Because of “guano mania” of the 1850s, some American guano mining companies believed that the Guano Islands Act applied to the uninhabited Guadalupe Island even though it was clearly part of Mexican territory and had permanent settlements inhabited by Mexicans in the 1840s.  After twelve tons of guano had been mined on Guadalupe Island in 1857 without the permission of the Mexican government, authorities in Mexico City decided to crack down on all activities on the island.  Rival companies each put about a dozen settlers on the island in an attempt to make solid claims to the Mexican government to obtain mining concessions.  The bureaucracy in Mexico City moved very slowly on their remote island outpost and eventually the Americans withdrew their claims, tired of waiting for the bureaucrats to make up their minds.

Guadalupe Island Goes Full On Robinson Crusoe

Another historical chapter opened for Isla Guadalupe after the guano mania died down in the 1860s.  The Mexican territory of Baja California saw a small revolution in its government.  Governor Feliciano Esparza was ousted by Matias Moreno, and like Napoleon’s exile to Elba, Esparza was banished to Isla Guadalupe with his family. At the time, the Esparzas were the only inhabitants on the islands and lived a Robinson-Crusoe-like existence.  The former governor and his family subsisted off meat from the wild goats, bird eggs, seal meat and the scant fruits and vegetables that were growing wild from the days of Castro and Ferrano 20 years before.  The family spent almost two years in exile there until a passing schooner spotted their signal fire and rescued them, taking the Esparzas to San Diego.  Local newspapers told the tale of the banishment and even described the clothes and shoes the family had managed to fashion out of “hides that were spotted with black and white and made very beautiful clothing.”  The Esparzas eventually settled in Santa Barbara, California, and never returned to Mexico.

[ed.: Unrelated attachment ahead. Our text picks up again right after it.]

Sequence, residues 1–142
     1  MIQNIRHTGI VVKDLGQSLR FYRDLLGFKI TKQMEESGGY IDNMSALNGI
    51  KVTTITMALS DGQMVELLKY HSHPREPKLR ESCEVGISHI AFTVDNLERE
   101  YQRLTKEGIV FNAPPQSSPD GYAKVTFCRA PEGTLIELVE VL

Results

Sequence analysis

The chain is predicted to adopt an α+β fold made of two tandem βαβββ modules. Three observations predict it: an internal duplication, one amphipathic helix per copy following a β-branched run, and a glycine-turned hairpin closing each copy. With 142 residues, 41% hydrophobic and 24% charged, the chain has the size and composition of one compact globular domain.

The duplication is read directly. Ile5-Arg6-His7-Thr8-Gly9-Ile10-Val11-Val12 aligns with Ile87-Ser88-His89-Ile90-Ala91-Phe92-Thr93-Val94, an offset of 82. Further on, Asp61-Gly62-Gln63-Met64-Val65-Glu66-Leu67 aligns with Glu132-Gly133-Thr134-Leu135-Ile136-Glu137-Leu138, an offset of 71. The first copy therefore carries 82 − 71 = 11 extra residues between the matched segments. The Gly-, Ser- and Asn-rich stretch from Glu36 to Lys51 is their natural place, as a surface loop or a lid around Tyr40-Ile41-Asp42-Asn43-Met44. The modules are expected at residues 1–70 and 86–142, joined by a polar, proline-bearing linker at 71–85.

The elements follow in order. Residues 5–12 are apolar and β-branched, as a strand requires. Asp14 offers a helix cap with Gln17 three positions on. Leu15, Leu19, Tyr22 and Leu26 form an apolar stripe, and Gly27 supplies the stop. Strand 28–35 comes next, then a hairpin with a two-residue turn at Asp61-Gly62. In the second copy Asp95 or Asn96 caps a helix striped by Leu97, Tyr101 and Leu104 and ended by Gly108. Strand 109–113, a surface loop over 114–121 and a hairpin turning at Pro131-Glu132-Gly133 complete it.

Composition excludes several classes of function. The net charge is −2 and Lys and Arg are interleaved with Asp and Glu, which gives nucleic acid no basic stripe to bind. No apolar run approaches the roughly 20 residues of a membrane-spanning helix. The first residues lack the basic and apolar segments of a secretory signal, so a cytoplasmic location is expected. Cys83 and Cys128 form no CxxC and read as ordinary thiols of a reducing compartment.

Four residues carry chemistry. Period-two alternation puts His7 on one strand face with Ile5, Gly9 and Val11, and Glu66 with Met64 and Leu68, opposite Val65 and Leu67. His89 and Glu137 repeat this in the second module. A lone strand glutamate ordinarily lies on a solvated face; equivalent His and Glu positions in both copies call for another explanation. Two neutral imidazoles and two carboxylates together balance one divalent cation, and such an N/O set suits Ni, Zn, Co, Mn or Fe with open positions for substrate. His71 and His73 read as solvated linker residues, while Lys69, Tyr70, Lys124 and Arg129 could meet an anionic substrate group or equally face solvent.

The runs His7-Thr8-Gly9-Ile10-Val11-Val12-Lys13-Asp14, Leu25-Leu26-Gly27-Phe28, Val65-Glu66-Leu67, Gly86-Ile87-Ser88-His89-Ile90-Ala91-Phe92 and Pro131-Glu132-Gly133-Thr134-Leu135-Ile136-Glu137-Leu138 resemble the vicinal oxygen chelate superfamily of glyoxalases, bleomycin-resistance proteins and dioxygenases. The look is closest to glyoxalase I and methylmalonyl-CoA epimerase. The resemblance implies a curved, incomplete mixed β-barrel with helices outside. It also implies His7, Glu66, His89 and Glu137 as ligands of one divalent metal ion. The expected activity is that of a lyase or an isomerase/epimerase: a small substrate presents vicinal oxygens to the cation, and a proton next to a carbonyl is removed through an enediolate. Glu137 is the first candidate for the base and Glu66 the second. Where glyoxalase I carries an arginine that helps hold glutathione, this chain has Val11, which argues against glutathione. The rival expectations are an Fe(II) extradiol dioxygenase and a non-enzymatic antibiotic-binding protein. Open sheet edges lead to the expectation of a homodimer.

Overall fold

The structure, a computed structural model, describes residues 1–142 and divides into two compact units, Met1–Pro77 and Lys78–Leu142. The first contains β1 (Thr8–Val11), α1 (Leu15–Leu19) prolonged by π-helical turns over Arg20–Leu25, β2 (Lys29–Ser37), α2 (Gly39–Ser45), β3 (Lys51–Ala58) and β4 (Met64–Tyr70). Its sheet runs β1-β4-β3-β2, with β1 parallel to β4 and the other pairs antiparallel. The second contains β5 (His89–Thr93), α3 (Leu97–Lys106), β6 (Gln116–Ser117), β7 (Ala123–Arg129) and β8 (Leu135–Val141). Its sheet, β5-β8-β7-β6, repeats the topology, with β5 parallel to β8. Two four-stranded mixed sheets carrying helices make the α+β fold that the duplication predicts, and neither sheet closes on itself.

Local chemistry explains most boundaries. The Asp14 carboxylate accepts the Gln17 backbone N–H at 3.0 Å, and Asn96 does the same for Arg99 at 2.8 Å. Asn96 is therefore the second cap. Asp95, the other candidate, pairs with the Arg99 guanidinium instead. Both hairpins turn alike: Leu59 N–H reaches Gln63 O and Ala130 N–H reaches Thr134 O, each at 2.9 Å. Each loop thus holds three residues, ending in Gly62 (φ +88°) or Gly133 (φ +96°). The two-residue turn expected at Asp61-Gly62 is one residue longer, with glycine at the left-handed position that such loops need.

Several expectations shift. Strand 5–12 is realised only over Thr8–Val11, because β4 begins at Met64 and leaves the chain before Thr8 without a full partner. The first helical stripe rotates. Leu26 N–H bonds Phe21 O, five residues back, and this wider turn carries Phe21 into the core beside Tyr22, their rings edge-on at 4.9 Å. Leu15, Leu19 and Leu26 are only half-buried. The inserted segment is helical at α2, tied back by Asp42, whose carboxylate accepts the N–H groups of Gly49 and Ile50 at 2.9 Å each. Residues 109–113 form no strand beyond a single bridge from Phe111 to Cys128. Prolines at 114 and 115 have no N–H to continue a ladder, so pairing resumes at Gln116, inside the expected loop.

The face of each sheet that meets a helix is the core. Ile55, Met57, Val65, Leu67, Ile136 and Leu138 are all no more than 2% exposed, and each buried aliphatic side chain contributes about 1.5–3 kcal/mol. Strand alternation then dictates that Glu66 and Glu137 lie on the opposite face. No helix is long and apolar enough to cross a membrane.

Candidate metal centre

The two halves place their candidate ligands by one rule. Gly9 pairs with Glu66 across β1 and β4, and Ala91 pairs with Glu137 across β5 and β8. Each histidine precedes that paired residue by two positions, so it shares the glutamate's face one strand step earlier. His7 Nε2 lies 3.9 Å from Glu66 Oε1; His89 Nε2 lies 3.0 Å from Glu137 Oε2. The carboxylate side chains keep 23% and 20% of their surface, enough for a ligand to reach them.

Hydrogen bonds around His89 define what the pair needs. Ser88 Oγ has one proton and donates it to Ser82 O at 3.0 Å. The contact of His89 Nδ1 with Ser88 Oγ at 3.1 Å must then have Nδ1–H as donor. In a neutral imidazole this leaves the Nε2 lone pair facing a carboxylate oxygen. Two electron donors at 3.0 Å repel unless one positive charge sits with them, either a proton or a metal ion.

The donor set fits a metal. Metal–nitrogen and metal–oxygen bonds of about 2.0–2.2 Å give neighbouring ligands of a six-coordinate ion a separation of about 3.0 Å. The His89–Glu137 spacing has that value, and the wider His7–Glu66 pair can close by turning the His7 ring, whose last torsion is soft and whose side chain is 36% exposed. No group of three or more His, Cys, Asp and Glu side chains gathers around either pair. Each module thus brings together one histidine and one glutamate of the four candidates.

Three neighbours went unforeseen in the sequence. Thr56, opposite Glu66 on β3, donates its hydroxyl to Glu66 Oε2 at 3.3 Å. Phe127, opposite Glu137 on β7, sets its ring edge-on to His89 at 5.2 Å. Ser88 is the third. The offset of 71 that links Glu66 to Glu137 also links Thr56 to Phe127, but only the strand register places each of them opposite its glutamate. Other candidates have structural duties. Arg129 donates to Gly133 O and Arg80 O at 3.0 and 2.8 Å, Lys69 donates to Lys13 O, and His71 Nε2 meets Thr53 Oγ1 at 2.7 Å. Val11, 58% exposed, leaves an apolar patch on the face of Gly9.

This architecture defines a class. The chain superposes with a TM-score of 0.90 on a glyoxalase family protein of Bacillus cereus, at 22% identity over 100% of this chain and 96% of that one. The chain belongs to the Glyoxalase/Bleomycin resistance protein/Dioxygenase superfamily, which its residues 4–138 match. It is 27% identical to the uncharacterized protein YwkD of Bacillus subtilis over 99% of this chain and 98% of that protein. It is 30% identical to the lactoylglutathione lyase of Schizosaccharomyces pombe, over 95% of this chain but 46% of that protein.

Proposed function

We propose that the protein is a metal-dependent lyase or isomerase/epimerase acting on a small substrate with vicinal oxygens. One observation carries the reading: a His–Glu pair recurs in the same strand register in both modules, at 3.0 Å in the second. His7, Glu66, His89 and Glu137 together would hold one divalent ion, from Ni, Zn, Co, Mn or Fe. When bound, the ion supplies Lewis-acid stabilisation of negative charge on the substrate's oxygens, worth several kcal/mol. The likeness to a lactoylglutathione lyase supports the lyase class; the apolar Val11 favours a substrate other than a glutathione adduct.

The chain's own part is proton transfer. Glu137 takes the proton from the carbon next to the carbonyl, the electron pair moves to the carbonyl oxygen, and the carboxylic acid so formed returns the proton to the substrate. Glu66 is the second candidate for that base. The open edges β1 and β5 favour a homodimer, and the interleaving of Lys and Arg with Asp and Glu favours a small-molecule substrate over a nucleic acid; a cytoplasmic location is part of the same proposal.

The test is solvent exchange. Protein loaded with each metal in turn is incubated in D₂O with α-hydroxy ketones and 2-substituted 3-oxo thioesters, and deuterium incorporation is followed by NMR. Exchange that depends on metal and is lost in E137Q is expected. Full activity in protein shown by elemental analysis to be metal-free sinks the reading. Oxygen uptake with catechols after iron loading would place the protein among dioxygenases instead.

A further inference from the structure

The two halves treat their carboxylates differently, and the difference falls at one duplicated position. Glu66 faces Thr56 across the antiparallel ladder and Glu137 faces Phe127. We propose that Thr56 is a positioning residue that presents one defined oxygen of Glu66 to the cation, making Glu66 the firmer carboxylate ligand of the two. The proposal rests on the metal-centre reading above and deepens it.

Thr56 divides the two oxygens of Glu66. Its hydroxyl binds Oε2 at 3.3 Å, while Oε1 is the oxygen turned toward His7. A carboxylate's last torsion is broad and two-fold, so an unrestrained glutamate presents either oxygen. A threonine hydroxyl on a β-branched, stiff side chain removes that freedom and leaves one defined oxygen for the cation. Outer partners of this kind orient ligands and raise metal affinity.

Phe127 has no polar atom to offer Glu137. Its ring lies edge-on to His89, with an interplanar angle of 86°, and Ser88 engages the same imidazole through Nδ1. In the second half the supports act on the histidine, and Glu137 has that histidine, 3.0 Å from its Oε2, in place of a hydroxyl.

Guadalupe Island becomes Remote Outpost

Sometime in the 1890s the Mexicans abandoned its garrison on Isla Guadalupe and the island again was left to the goats.  The Mexican military occasionally would patrol the waters around the island looking for poachers and apprehended any people on and around Guadalupe.  In the early 1900s the island had become a destination not only for goat and seal poachers but for explorers seeking pirate treasure and naturalists studying and collecting samples of exotic flora. In 1910 the Mexican government granted a concession to Los Angeles businessman Alfred Marcuson to take goats off the island and the Marcuson operation only lasted a few years.  By 1928 the island became permanently off limits as a protected nature reserve, the oldest in Mexico, but the new restrictions did not deter visitors.  An article in the September 6, 1931 edition of the San Bernardino Sun tells the woeful tale of 7 people stranded on the island for months.  The party went there to poach goats and to search for pirate treasure.  They were rescued by Los Angeles millionaire G. Allan Hancock who happened to sail by the island in his palatial yacht the Valero III.

Shark Cage Diving at Guadalupe Island

Shark cage diving at Guadalupe Island, it really is as thrilling as it looks! You have always wanted to experience the world’s top white shark cage diving destination at Guadalupe Island, and now you can – for less than you imagined. Face off with great white sharks this year on America’s Shark Boat, the MV Horizon, see the same white sharks as everyone else and save money. Since 2000 we have been pioneering shark cage diving at Guadalupe Island, underwater shark photography, shark research, and Film and TV with sharks at this unique and pristine white shark location. We are your next shark diving adventure. Great ready for excitement and let’s go cage diving!